Be frugal.  Traveling solo does not have to be expensive. For example, at the time this article was written, you could ride a Greyhound (www.greyhound.com) bus from Roanoke to Miami (one way) for $107 on June 1. The trip includes one hour (approx.) stops in Raleigh, Fayetteville, Savannah, and Orlando. The trip will take around 26.5 hours total. An Amtrak (www.amtrak.com) trip, with the same destination, was $157 for one reserved coach seat and takes approximately 32 hours with a three-hour transfer in Washington, D.C.

Want to travel outside of the United States? The trip may be more expensive, but you can still save money if you do it right. Great Value Vacations (www.greatvaluevacations.com) is a fantastic place to find and plan the trip of your dreams. At the time this article was written, you could purchase a six-night trip for one person to explore Ireland’s Wonderful West: Adare Villa for $916. This includes airfare, airport taxes, accommodations, full-size car rental, and tours.

Stay safe, but not afraid.   We are surrounded by reports of violence on television and social media. All of these stories can keep us from living our best lives and experiencing all that the world has to offer, but they don’t have to have such a powerful influence. The important thing to remember is to BE ALERT. Know your surroundings from the moment you step off a plane. Resist the urge to wear headphones or be distracted by your phone. (Really, you shouldn’t be scrolling through your newsfeed on vacation anyway). Being alert does not mean being fearful. In the same way that you would look both ways before crossing a street, be aware of the people around you. Learn how to avoid danger (and how to respond if it can’t be avoided) in Fearless by local author, Logan Doughty.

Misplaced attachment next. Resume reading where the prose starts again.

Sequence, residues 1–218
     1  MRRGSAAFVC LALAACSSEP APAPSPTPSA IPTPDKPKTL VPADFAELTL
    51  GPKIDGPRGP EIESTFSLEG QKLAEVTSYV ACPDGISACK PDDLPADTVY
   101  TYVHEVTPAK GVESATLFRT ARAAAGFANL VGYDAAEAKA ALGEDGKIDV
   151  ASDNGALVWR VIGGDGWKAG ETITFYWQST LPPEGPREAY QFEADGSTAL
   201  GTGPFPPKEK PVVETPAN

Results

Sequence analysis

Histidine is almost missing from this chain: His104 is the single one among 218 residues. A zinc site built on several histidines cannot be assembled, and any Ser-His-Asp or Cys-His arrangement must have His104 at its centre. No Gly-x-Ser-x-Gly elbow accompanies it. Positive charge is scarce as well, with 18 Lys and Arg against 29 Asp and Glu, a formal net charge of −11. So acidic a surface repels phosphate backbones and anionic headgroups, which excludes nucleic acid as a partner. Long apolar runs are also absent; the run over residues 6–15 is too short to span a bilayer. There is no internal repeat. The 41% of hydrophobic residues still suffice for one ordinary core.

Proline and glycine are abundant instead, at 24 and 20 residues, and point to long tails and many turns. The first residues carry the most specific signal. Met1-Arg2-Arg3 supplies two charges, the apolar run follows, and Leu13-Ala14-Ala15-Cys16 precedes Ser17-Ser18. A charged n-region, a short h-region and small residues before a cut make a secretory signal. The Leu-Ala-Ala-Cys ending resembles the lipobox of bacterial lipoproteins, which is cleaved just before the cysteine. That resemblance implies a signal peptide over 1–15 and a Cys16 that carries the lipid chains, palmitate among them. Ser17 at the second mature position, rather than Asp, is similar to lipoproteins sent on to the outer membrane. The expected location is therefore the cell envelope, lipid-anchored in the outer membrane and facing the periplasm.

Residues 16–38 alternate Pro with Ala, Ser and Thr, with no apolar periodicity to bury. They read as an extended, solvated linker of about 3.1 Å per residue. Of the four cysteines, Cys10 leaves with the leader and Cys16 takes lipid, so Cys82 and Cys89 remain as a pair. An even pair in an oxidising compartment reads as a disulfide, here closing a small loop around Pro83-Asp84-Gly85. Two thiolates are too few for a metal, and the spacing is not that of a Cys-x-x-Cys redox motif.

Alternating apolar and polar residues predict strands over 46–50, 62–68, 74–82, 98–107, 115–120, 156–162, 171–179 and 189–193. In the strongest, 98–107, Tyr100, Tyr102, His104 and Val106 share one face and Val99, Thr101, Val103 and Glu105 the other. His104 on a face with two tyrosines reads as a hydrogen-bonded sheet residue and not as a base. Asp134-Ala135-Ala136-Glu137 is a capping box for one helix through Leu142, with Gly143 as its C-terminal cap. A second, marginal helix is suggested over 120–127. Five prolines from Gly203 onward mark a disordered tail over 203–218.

Travel light.  Believe it or not, you can fit a week’s worth of clothes, toiletries, and basic necessities for one person into a standard backpack. This is great for road trips with friends or a small group, and it is even better if you are traveling by plane! As soon as you arrive, you simply throw your backpack over your shoulders and exit. There is no hassle in waiting for your luggage or digging through everyone’s belongings to find your suitcase. You are ready to begin your adventure from the moment you arrive. For more information on packing like a minimalist, visit www.theminimalists.com. To see minimalist travel in practice, check out www.thetravellinglight.com.